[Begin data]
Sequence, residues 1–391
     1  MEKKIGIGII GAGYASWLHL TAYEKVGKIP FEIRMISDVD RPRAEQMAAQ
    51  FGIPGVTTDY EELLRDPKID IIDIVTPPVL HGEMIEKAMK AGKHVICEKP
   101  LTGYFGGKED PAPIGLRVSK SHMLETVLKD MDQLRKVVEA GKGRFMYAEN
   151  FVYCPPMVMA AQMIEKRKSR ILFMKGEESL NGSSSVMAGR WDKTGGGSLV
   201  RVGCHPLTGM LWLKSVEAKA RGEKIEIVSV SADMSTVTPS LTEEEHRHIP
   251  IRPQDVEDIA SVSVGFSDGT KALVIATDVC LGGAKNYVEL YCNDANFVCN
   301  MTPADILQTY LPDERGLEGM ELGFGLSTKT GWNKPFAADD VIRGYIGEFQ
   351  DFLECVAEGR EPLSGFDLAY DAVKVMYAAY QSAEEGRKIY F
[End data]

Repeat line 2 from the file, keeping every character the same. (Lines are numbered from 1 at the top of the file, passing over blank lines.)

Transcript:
     1  MEKKIGIGII GAGYASWLHL TAYEKVGKIP FEIRMISDVD RPRAEQMAAQ